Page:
Substitute a new brand for one previously in use

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Unformatted text preview: possible situations: ! Substitute a new brand for one previously in use. ! Select a brand that meets an equipment manufacturer's specifications. This will be accomplished by comparing producer's specifications with those of the manufacturer. Product selection starts by using a substitution list maintained by most lubricant producers. A substitution list usually shows the products of major producers and the equivalent or competing product by other producers. Substitution lists are useful but they have limitations. They may not be subdivided by classes of lubricants. Furthermore, it is difficult to do more than compare a lubricant of one producer with one given by the publishing producer. For example, consider three producers called A, B, and C. Producer A’s substitution list may compare B’s products with A’s, or C’s with A’s. However, B and C cannot be compared unless A has a product equivalent to both B and C. A user would need substitution lists from many producers to be able to effectively select more than one option. Many producers claim they do not have a substitution list, or are reluctant to provide one. As noted in Chapter 11, the chart of 13-5 EM 1110-2-1424 28 Feb 99 Table 13-1 Factors Affecting Lubricant Selection Operating Conditions Type Size Bearings Plain, needle roller, ball Shaft diameter rev/min Chain drives Links; number and pitch PCD of all wheels and distance between centers Chain speed ft/min Cocks and valves Plug, ball, etc. Compressors BHP, manufacturer’s name Couplings Universal or constant velocity Cylinders Material Operating Temperature Element Velocity Fluid being controlled Remarks Depends on properties of the fluid Gas temperature Max gas pressure rev/min rev/min Bore, stroke Cylinder, piston, rings Combustion and Combustion exhaust gas and exhaust temperature gas pressure BHP, distance between centers Crank speed, rev/min Gears Spur, worm, helical, hyperbolic Glands and seals Stuffing box Fluid being sealed Depends on design Hydraulic systems BHP Pump type (gear, piston vane) Hydraulic fluid materials ‘O’ rings and cups, etc. Lubricant type adjusting to loss rate Linkages Ropes Slideways and guides Radiated heat rev/min and heat generated Environmental heat conditions Steel hawser Diameter Method of lubricant application Relative link speeds, ft/s, angular vel., rad/s Frequency of use and pollution, etc. Surface relative speed, ft/min Reference: Neale, M.J., Lubrication: A Tribology Handbook. Butterworth-Heinemann Ltd., Oxford, England. “Interchangeable Industrial Lubricants” and “Guide to Synthetic Lubricants” published by Plant Engineering Magazine (PEM) can be helpful. The PEM charts correlate products of many producers. The chart of synthetic lubricants correlates products by category (class). (4) A substitution list or chart is valuable because it correlates the array of brand names used by producers. Furthermore, it eliminates producers who do not have the desired product in their line. A substitution list should be regarded as a starting point to quickly identify potential selections. The lists 13-6 EM 1110-2-1424 28 Feb 99 Table 13-2 Types of Additive Oil Required for Various Types of Machinery Type of Machinery Usual Base Oil Type Usual Additives Special Requirements Food processing Medicinal white oil None Safety in case of ingestion Oil hydraulic Paraffinic down to about -20 EC (-4 EF), naphthenic below Antioxidant Antirust Antiwear Pour point depressant VI improver Antifoam Minimum viscosity change with temperature; minimum wear of steel/steel Steam and gas turbines Paraffinic or naphthenic distillates Antioxidant Antirust Ready separation from water, good oxidation stability Steam engine cylinders Unrefined or refined residual or high-viscosity distillates None or fatty oil Maintenance of oil film on hot surfaces; resistance to washing away by wet steam Air compressor cylinders Paraffinic or naphthenic distillates Antioxidant Antirust Low deposit formation tendency Gears (steel/steel) Paraffinic or naphthenic Antiwear, EP Antioxidant Antifoam Po...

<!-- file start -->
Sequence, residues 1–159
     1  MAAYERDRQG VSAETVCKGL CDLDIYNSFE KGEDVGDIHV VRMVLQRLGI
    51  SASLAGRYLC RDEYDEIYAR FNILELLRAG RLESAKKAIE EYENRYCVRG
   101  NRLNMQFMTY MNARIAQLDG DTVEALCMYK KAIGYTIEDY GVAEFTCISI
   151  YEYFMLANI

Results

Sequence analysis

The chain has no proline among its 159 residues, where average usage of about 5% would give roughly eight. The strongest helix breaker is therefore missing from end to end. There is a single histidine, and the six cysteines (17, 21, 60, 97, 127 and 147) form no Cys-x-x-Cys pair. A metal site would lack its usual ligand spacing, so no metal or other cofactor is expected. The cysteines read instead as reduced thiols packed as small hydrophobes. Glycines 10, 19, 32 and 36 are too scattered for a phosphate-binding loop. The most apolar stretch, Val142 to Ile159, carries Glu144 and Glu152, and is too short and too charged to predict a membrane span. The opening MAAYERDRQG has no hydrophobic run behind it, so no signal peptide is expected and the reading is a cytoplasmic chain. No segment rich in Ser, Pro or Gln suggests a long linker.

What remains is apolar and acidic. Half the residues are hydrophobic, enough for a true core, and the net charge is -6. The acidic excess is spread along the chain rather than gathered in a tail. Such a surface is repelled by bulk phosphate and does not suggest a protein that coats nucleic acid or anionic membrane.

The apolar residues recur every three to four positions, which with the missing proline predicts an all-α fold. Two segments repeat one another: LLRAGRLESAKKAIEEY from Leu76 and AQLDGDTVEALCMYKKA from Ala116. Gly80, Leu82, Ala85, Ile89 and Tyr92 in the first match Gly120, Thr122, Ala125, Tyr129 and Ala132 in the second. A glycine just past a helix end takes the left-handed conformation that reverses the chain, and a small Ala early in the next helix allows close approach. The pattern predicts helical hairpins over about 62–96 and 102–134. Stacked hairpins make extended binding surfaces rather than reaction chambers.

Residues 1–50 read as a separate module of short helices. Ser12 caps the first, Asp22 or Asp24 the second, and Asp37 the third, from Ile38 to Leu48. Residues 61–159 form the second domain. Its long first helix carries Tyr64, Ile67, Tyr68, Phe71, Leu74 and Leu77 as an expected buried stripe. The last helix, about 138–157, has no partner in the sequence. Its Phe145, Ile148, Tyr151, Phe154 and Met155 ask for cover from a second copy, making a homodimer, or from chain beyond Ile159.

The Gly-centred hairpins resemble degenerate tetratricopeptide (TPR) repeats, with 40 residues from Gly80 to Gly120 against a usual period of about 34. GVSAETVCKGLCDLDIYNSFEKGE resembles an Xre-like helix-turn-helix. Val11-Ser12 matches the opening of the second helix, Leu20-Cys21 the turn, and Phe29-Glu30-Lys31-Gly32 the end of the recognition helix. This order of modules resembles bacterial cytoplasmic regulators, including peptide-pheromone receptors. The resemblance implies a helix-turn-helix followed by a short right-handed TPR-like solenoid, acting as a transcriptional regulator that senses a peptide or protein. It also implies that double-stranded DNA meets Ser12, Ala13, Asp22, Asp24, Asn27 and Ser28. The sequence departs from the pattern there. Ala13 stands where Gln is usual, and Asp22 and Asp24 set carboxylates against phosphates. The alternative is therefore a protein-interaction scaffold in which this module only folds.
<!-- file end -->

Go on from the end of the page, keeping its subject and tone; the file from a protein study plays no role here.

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This note was uploaded on 02/09/2012 for the course MECH 84 taught by Professor Mba during the Spring '11 term at LDSBC.

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